I somehow found myself in Antarctica, right at the bottom of the world, in a place only a few can say they’ve been. Somebody had told me to come back and tell them what went through my head in the first ten seconds of stepping onto the ice, so when I climbed down those stairs out of the huge C17 I tried to remind myself. Yet, when I curled up in my bunk at base that night, I thought back to that first ten seconds and somehow couldn’t believe it had happened, but I did remember I pinched myself. I quite literally pinched myself.

It seems to do that to you this place, it seems so surreal that every time something magical happens you must remind yourself that what you are seeing is real. Be it the odd sense of space and not being able to tell how far away anything is from you. Or the strange thoughts you have every time you remember you are standing on frozen ocean, that in a few weeks will break open and give way for whales, penguins and seals making the most of the plankton blooms that summer brings.

Antarctica is the great white continent. Ice travels as far as the eye can see, completely flat with no obstructions. Sometimes you will be treated to a mirage on the horizon and it makes you think for a moment there are huge cliffs in the far-off distance, but its just the great white playing with you.

It’s small things that stick out when you step back into civilisation after spending weeks on the ice; the noises, the smells, the conversations. There is rarely ever any smells, unless you are treated to a sudden gust of fuel drifting from the bases or the Hagglunds, or perhaps when you get amongst a seal colony on a still day and notice their stench – but that is it, well, apart from the smells that drift from your gas cookers in the evening.

The sound thing as well, it must be one of the very few places you can experience absolute pure silence. If you get the chance to escape your group, turn off any vehicles and just sit, it really is pure silence. There is such minimal wildlife that they cannot disturb you, when the wind dies everything is completely still, and a short walk will eliminate anyone’s breathing and chatter from your environment – pure silence.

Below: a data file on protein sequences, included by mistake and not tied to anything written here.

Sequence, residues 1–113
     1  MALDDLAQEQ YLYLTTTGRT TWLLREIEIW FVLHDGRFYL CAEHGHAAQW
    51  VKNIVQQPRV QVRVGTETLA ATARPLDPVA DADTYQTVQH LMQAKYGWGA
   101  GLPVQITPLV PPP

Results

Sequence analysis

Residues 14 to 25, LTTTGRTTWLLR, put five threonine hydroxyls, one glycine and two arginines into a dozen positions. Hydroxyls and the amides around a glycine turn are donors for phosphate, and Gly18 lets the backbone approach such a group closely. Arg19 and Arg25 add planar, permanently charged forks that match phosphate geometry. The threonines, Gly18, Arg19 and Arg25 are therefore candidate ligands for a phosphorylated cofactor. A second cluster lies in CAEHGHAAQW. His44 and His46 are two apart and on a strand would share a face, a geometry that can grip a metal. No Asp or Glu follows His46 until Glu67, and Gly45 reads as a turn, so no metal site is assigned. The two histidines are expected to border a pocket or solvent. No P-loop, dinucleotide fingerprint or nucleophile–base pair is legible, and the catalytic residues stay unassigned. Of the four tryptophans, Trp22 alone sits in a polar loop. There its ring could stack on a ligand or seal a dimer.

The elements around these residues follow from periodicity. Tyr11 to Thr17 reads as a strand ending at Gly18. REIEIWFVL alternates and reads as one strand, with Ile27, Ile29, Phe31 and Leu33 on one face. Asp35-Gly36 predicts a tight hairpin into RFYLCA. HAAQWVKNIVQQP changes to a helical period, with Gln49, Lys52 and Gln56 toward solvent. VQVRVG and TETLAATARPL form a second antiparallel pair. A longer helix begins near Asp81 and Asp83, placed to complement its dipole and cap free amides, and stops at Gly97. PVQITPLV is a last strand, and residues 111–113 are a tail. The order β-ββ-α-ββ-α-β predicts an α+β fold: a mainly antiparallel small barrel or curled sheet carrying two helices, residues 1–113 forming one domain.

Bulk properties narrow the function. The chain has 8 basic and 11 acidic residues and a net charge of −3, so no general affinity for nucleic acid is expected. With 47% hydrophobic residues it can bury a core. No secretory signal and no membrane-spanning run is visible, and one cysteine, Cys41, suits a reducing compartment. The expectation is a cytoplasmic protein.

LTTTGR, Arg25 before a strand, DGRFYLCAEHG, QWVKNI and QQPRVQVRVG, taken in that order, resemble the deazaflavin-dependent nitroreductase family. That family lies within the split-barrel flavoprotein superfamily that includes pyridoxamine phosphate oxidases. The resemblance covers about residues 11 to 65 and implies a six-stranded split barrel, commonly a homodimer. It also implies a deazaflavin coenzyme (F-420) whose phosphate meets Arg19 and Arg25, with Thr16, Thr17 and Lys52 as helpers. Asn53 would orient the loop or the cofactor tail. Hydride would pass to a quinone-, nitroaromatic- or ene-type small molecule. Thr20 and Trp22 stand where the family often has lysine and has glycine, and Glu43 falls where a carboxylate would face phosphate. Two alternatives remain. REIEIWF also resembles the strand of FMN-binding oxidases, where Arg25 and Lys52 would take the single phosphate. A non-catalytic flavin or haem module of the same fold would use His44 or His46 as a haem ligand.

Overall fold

It really is the last untouched land on earth and there is something very special yet disturbing about being allowed to be there. You really do feel like a guest and that you need to somehow leave it slightly better than when you left it, as it is not ours to use for pleasure. It is there to keep a large part of our world as untouched as possible. A place of peace and science.

When people talk about Antarctica being the closest thing to outer space, they are not wrong. Everything takes longer, much more effort and there is very little life (at least on the surface).  You feel completely insignificant, and I think this is what causes problems in untouched places like this. You feel your impact will have such little effect, but this multiplies every time.

The great white continent is something out of all our dreams. I still can’t quite believe I spent time down there amongst the skuas and the seals. I am completely absorbed in it and the thought of keeping it as unoccupied as it currently is, but does one need to go there to understand this? It seems to be a test of all our nations, tied up in world politics and somehow, this place exists, free from our warfare and exploitation.

Being able to experience parts of our world as untouched and remote as this southern continent draws you slightly closer to everyone in a strange way, even though you are as far away as possible. It has put a new spark into everything I do and given me a little slice of hope in our strange world.

  • Alex Aves
  • : Alex is an environmental and Antarctic scientist, exploring the world in search of new and exciting information. She has spent recent years travelling to remote regions of the world while completing her studies and now lives in New Zealand completing her masters degree. She hopes to encourage a more sustainable world through her research.
  • : https://twitter.com/Alex_Aves1
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  • : adult_(19_and_over_as_of_31st_december_2019)
  • : This is the first time this story has been published.